PYEONGCHANG, South Korea (AP) — There is a lot going on in Pyeongchang on Day 6 of Olympic competition. We're breaking down the highlights so you won't miss the best parts. All times Eastern.
The men will take the ice just in time for prime time in North America at 8 p.m. No, that is not a coincidence. The men's short program has a number of strong contenders this year, but whatever you do, do not miss U.S. phenom Nathan Chen . The 18-year-old is being touted as perhaps the greatest athlete to don figure skates — ever. Speculation has swirled around him since he was 10. This is his first Olympics.
What makes him so spectacular? It is all about the quads, or quadruple jumps. Watch how the men take off from one foot and make four full rotations before landing. Chen has been landing five quads in his long program this year. For reference, the top four men in 2014 each landed one. In 2010? Not one. That said, he is not unbeatable. He has stumbled in competition and is not noted for his artistic performance, which is still a key element in how figure skating is judged.
After riding solo timed seeding runs and elimination runs late Wednesday, the men will race their final at 12:45 a.m. Watch how the racers jockey for position through tight turns and jumps. The first one to the bottom wins. The motocross feel has given the sport a dangerous reputation since crashes are common. U.S. racer Nick Baumgartner is competing in this event for the third consecutive Olympics. The women will take the course and start their seeding and elimination runs until a 10:56 p.m. final.
If that doesn't seem dangerous enough for you, the team relay luge will be run at 7:30 a.m. Each team runs three sleds: a women's single, a men's single and a men's double. Watch for the riders to touch a target overhead to open the gates for the next sled. It is trickier than it sounds considering it is not part of a normal luge run and they are wearing spiked gloves. Everyone begins at the women's start and timing is continuous.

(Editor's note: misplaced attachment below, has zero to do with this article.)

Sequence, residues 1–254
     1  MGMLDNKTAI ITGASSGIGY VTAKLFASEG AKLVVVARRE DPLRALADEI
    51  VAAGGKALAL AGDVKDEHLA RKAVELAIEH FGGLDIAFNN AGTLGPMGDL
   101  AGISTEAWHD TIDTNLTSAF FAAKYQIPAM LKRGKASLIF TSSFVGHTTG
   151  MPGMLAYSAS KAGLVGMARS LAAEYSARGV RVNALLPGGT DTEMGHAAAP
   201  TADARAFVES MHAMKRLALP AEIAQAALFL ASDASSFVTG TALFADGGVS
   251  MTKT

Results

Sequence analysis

And for the true thrill seekers, there is skeleton. Unlike in luge, racers begin the course standing and gather speed by running alongside their sleds. Then they jump on head first, tucking their arms back and hurl themselves down the track in the ultimate "Look, Ma, no hands!" move. They steer with subtle moves of their feet. Look for the racers' colorful helmets and the suits the British racers are wearing, which some have said put them at an advantage. The final heat will be at 9:15 p.m.
Don't worry — there is more curling. Men's round robin will continue at 12:05 a.m. with the U.S. facing Italy. The Norwegians, sporting their fancy pants, will play Canada. When the women play at 6:05 a.m., the Canadians will play Denmark. The men will play another round at 7:05 p.m.
Will they or won't they? The frigid start to the Pyeongchang Games forced a compressed schedule for alpine skiing. If they ski Thursday, there will be lots to watch with the women's slalom first run at 8 p.m. and the final at 11:15 p.m. Watch for the tight, sharp turns around single poles that distinguish this event. The final of the men's Super-G, which uses the wider double gates, is set for 9 p.m.
Men's 10,000-kilometer is at 10 a.m. Watch the way the racers take long sweeping strides to keep their skates in contact with the ice as much as possible. They bend almost in half and keep their arms behind their back to maximize aerodynamics. After all that, though, they kick their skates out across the finish at the very end because that is how their time is calculated. The Dutch will be looking to maintain their sweep of the gold.
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